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Sunday, February 12, 2012

Magic Ring Part 1

The day I left Mexico, about to fly back to Seattle, my mother pulled me aside. Pressing a small wine-colored box into my hands, she said she had an important mission for me. Inside the box was a diamond ring, a family heirloom. Known as an owl-cut diamond, the gemstone was somewhat rare now. This shape, designed to evoke an owl's eye, had fallen out of style. A simple and elegant gold band showcased the stone's luster. I understood the faith she was putting in me and tucked the jewelry box into my carry-on.

The ring needed to belong to my older sister. Amy grew up with a powerful attachment to that ring and to our grandmother. My matriarchal grandmother Patricia (or Nana as we knew her) had slipped the ring onto Amy's fingers dozens of times and beamed her impossible smile and sparkled her impossible eyes. Nana told her the ring would be hers someday and that no other girl would ever have it. My grandmother felt the need to make all of us grandchildren feel special. She took each of us aside at various times and told us that we were destined for special things, that we came from special stock, and that she loved us best of all. Her words had a tendency to pit us all against each other at times, but it was her way.

When my grandmother died about ten years ago her estate was left to my mother and my aunt. The pair had a mixed relationship... and unsurprisingly, they weren't very amicable about this. Perhaps my grandmother's words had sewn some discontent between the two of them as well. Since my aunt lived in the same house as my grandmother, most of the heirlooms remained with her. Some of the jewelry, reportedly, had trickled down to my aunt's oldest daughter. But my sister heard nothing about the ring. And my mother had given up advocating for her.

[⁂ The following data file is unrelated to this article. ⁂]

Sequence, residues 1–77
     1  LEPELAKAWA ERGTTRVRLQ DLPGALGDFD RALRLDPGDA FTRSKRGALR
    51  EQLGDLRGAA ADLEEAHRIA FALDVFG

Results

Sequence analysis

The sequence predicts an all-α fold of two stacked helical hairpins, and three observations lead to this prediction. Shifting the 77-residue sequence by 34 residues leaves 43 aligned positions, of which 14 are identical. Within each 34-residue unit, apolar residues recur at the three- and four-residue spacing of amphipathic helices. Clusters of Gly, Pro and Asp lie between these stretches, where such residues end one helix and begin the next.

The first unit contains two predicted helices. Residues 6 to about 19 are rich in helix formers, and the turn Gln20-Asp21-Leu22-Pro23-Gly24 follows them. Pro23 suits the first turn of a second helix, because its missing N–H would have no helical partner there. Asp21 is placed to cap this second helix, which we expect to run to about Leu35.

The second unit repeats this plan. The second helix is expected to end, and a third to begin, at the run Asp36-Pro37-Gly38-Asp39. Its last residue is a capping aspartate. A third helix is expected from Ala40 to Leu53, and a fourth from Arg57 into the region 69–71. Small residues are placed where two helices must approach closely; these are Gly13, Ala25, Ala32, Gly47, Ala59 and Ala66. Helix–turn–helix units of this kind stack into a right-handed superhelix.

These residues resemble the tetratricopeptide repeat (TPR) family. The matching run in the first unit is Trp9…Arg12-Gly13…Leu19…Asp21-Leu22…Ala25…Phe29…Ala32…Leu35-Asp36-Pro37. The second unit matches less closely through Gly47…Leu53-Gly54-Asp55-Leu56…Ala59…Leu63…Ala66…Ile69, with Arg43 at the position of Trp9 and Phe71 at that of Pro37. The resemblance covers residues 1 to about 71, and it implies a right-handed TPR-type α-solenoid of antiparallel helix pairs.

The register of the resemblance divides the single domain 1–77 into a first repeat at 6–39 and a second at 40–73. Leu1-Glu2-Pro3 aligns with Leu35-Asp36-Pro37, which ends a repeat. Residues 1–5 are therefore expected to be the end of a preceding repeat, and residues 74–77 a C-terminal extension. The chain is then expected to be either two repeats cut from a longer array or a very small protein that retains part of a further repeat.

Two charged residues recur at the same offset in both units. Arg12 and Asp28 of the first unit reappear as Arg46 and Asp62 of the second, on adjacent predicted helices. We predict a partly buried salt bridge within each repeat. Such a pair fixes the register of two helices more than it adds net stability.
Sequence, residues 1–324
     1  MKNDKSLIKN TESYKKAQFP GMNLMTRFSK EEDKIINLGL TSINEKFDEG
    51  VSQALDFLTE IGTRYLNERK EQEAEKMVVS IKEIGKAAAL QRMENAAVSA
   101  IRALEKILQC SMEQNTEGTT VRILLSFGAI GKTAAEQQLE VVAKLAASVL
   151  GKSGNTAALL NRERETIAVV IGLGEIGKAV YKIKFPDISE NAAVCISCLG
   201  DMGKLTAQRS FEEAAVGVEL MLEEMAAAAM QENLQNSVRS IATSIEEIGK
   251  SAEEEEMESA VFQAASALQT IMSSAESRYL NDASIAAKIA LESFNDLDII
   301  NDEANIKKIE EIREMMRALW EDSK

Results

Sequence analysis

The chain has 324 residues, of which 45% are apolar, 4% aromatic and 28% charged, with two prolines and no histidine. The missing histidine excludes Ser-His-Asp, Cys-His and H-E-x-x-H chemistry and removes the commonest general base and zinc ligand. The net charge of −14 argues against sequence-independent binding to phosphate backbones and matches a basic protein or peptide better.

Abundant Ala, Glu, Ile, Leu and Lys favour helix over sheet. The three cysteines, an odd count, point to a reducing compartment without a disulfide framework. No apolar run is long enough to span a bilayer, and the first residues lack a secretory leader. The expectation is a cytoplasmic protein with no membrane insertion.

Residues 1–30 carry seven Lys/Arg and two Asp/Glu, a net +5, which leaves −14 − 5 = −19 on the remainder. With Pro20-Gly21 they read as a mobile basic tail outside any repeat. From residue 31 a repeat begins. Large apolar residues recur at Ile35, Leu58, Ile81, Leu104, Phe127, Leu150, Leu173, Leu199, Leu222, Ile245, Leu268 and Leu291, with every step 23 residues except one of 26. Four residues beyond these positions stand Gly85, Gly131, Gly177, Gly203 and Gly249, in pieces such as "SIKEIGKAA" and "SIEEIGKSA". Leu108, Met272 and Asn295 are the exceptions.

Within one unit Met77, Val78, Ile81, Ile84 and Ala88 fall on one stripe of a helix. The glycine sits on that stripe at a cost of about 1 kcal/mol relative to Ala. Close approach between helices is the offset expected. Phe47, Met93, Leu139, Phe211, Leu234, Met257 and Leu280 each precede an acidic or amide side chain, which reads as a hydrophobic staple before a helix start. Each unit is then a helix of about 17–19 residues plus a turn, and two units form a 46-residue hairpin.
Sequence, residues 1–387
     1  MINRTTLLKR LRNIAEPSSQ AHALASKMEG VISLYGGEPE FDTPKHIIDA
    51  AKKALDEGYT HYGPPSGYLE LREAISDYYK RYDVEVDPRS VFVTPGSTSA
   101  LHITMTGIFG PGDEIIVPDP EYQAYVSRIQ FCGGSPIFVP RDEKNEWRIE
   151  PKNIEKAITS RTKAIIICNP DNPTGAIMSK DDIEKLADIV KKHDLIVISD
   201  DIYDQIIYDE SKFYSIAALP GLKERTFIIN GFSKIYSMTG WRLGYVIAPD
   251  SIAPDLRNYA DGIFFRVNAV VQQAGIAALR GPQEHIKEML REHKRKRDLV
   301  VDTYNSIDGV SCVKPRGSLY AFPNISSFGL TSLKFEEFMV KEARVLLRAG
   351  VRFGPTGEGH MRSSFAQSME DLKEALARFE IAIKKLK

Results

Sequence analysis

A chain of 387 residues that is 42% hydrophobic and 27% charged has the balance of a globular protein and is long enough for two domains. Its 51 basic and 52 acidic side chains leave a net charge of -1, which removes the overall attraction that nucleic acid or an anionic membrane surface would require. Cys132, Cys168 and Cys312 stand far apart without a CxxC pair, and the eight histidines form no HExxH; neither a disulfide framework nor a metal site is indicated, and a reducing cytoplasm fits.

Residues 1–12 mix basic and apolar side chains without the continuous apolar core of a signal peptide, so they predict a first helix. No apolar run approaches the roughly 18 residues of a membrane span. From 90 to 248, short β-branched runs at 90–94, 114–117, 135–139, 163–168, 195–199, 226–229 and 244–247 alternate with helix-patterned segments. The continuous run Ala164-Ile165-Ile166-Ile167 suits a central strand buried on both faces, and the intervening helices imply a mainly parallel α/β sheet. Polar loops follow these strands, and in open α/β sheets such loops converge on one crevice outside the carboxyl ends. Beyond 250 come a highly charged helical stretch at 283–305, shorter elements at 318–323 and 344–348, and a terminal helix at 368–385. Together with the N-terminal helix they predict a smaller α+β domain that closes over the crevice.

Many years passed and my sister lost hope that she would ever wear the ring again or remember that feeling of being Nana's oldest and most treasured grandchild. The family seemed so fractured since Nana's passing... There was no talk of reunions and it seemed there never would be. The settling of the estate played a small but palpable role in that schism.

Things evolved however. I knew nothing of this, but apparently my aunt decided to give a number of treasures to my mother... with an understanding that the ring be given to Amy. So when I visited my folks last January my mother entrusted me with the job of putting this ring into my dear sister's hands. I knew little of this history at the time. I did not know about my aunt's change of heart, or of my grandmother's tender promises so many years hence.

When I arrived in Seattle I left the ring, safe in its box, on my bookshelf. I knew I would have occasion to deliver it before long. I was in no great hurry.

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1 Comments:

At 3/03/2012 01:52:00 AM, Anonymous Anonymous said...

I want to know the rest of the story..... Please?!

 

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